"Be Yourself:" My Lesson From The Dalai Lama
Updated: Oct 12
Around fifteen years ago I had the privilege of seeing His Holiness the Dalai Lama in Toronto. Even though I was seated in the nosebleed section, I was amazed at the power of his presence. When he walked on stage tears spontaneously ran down my cheeks. It was as if my heart opened so fully as to melt every hidden wall inside of me. I was not alone. The majority of people around me also wiped away their tears, eyes fixed on the Dalai Lama far below - and he hadn't even uttered a word.
His opening statements were worth the price of the ticket. "I think there may be some people here who will be disappointed because I am just a man" he said. Then later in his lecture, “Don’t try to be a Buddhist. Be yourself.” Hearing those words felt like being wrapped in a warm blanket on an icy cold night. Such a comfort to be reminded that being myself was enough. The question for me was, how to be myself?
I share this story because I attribute those wise and simple messages from the Dalai Lama to be what encouraged me to practice meditation to this day. I still have my challenges but I prefer to believe persistence pays off. I struggled for years trying different techniques, teachers and styles. I read extensively on the subject and even became an Applied Mindfulness Meditation Specialist. Despite completing this training, I would often feel frustrated or disappointed when the changes I expected seemed fleeting. Searching, grasping and more searching. My practice was inconsistent and often done with reluctance. Then over the last two years something began to reveal itself to me. The something was two-fold: Firstly, I began to notice my struggle with struggle and secondly, I began to realize I am meditating whenever I am fully present in my being.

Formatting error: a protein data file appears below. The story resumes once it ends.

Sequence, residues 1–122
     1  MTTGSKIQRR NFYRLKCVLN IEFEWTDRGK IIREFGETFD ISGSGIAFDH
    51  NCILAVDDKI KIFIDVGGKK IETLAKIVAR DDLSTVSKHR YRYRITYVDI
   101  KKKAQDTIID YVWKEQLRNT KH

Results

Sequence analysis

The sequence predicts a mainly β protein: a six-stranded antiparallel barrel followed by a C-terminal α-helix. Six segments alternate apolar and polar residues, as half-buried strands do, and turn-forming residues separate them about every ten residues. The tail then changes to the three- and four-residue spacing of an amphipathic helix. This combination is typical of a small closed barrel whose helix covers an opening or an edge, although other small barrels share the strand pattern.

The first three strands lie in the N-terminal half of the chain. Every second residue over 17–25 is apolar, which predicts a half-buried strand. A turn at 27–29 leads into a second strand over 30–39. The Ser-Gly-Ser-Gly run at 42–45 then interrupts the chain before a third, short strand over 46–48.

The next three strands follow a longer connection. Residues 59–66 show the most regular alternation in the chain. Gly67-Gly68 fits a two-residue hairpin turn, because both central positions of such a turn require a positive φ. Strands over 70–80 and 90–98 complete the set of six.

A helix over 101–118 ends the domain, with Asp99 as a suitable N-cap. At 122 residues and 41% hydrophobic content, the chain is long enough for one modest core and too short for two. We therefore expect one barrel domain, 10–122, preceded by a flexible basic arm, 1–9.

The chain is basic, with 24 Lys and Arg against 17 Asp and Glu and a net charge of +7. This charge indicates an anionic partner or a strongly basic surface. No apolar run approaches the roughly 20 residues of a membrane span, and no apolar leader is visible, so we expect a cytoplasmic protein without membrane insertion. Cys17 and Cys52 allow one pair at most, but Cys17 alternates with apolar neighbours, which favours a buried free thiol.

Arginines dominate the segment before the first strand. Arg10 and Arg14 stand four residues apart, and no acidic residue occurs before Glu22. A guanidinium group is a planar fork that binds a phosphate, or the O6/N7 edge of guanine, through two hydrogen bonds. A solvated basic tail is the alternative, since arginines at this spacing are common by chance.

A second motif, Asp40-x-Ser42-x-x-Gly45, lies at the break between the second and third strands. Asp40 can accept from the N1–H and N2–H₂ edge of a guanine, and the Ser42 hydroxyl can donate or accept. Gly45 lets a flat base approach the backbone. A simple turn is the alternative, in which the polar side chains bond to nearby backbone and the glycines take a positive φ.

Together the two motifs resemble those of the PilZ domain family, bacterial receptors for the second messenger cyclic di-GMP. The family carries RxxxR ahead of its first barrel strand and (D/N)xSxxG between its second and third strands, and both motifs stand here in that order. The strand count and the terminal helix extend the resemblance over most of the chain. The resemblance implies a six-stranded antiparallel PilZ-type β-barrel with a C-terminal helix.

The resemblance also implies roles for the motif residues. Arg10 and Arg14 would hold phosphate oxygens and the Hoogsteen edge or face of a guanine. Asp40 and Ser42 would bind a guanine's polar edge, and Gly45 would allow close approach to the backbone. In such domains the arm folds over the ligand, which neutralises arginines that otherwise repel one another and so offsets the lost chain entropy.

The concept of noticing my struggle is my interpretation of what the Dalai Lama meant when he said “Be yourself.” I needed to be with my experience even if it was struggle. Like many of us, I often focus too much on “doing” and I forget to pay attention to me. My breathing, my thoughts, how I move my body and even how I eat are all part of being me. Noticing without narrative IS meditation! It is the practice of focussing my attention to whatever I am experiencing moment to moment – no interpretation required.
The main gift of being more present is feeling an inner stillness. This inner stillness has helped me be less reactive in my life. Reactivity is a high energy state which is incredibly draining over time. There are of course situations where I need to be reactive, such as crossing the road and seeing a speeding vehicle heading my way. However, reactivity is not conducive to harmonious relationships with myself or others for obvious reasons.
I used to believe being less reactive would mean I would become detached or apathetic. This has been far from the truth of my experience. Over the years I have noticed my practice of meditation improves my focus, my ability to listen and my ability to really trust myself. I have a deeper sense of my own resilience and I am far less destabilized by events or people around me. I become much more effective - my energy is calm and solid. There are times however, when I fall into the pit of reactivity and I usually feel a bit sad when this happens. So, I now practice allowing the sadness to be there instead of going down the rabbit hole of narrative. The irony is when I do this, the sadness melts away just like those walls around my heart did fifteen years ago. This is how to be myself.